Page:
During April‒July 2020, we generated 434 SARS-CoV-2 genome sequences for investigation. We collected nasopharyngeal/oropharyngeal swab specimens from COVID-19‒positive persons after obtaining informed consent and ethics approval. We transported samples and processed them for sequencing as described (13). In brief, we used the Ion AmpliSeq SARS-CoV-2 Research Panel and the Ion AmpliSeq Library Kit Plus (both from Thermo Fisher Scientific) for the library preparation. We performed sequencing on the Ion Torrent S5Plus system (Thermo Fisher Scientific) by using a 530 chip with 400-bp chemistry. We used a reference-based genome assembly, as described by Joshi et al. (13), to obtain whole-genome sequences. In brief, we used PRINSEQ-lite version 0.20.4 (14) for trimming and quality filtering. We mapped high-quality reads against a SARS-CoV-2 reference genome (GenBank accession no. NC_045512) by using CLC Genomics Workbench V 12.0 (QIAGEN, https://www.qiagen.com) to obtain consensus genomes.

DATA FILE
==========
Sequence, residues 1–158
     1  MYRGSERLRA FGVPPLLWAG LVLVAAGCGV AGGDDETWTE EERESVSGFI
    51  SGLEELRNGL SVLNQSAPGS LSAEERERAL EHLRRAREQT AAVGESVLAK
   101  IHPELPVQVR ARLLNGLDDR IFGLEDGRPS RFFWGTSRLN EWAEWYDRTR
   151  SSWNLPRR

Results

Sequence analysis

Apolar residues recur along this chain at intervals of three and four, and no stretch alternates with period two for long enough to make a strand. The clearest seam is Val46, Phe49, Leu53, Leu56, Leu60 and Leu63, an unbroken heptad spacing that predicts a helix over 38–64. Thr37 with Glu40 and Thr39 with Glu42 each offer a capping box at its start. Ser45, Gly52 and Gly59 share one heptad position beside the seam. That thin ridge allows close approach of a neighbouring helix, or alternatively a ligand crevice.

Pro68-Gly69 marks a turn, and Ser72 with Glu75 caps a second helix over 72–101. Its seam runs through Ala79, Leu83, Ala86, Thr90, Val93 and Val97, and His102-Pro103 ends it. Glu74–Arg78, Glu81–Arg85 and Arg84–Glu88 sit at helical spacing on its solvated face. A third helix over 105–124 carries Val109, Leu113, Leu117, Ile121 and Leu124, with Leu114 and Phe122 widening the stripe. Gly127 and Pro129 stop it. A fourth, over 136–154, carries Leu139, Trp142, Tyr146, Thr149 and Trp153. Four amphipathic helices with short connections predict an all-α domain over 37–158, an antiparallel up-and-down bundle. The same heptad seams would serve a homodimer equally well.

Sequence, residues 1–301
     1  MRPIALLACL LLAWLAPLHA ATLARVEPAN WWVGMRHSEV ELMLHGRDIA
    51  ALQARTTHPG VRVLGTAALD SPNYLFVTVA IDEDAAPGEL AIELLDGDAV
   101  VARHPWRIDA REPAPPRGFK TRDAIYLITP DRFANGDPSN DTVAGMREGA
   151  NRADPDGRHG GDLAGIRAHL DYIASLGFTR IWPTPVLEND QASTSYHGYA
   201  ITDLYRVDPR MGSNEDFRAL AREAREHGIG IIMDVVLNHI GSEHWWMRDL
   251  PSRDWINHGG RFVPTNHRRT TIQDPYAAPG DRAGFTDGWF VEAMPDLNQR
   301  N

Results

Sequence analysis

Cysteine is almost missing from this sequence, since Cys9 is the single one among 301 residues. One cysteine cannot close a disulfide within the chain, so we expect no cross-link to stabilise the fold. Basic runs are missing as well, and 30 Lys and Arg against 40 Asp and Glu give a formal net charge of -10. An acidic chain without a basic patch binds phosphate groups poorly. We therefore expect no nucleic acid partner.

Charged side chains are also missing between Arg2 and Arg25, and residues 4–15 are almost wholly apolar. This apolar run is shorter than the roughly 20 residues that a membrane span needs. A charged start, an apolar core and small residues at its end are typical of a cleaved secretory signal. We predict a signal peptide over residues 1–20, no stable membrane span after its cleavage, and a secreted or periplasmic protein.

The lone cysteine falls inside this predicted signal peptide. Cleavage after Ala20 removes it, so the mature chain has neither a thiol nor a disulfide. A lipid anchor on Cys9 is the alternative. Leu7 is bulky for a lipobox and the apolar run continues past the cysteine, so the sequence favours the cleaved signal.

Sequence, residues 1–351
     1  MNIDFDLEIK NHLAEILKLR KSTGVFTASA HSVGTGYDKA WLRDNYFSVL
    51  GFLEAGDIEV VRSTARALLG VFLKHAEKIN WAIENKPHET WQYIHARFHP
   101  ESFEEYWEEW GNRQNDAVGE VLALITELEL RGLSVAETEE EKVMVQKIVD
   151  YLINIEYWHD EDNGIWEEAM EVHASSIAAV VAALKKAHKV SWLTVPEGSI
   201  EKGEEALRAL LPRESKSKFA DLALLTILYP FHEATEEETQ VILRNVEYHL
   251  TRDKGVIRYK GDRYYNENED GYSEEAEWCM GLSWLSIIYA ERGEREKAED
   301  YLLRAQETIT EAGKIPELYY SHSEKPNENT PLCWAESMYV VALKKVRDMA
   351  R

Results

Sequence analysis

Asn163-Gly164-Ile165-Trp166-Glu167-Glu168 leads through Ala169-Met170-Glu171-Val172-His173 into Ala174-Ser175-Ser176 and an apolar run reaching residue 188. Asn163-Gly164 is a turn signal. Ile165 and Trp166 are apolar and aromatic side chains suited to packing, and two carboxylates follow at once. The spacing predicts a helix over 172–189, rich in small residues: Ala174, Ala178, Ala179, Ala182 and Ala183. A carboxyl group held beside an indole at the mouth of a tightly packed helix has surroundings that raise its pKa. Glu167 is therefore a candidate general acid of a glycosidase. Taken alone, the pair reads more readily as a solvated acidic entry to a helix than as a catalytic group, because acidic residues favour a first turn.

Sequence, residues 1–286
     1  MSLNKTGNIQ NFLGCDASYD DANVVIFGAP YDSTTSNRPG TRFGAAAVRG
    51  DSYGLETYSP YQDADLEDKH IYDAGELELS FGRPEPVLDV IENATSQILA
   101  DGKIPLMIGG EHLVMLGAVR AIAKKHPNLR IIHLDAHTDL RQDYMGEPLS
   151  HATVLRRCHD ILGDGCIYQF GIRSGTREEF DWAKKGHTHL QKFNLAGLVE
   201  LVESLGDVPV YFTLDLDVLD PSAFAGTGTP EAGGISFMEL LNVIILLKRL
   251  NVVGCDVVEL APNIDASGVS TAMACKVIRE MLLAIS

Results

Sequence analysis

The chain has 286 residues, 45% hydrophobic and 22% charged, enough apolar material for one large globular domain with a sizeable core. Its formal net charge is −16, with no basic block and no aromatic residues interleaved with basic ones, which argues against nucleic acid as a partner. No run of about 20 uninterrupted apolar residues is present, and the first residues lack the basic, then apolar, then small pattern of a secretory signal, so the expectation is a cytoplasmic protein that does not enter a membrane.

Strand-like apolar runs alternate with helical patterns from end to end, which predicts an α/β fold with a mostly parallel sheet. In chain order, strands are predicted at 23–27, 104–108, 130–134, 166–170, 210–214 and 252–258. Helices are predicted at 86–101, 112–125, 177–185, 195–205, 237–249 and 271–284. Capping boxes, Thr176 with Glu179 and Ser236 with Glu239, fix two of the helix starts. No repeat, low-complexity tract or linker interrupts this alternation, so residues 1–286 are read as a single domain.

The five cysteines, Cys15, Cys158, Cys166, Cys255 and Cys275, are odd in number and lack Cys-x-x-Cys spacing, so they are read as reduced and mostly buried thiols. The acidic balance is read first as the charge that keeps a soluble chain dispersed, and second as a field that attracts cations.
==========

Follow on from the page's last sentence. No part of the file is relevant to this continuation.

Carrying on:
We obtained COVID-19 case data from a crowd-sourced initiative in India (https://www.covid19india.org and https://api.covid19india.org). These data were curated by volunteers from different data sources, such as state press bulletins and the Ministry of Health and Family Welfare of the Government of Gujarat. The source code is available in the GitHub repository (https://github.com/covid19india/api).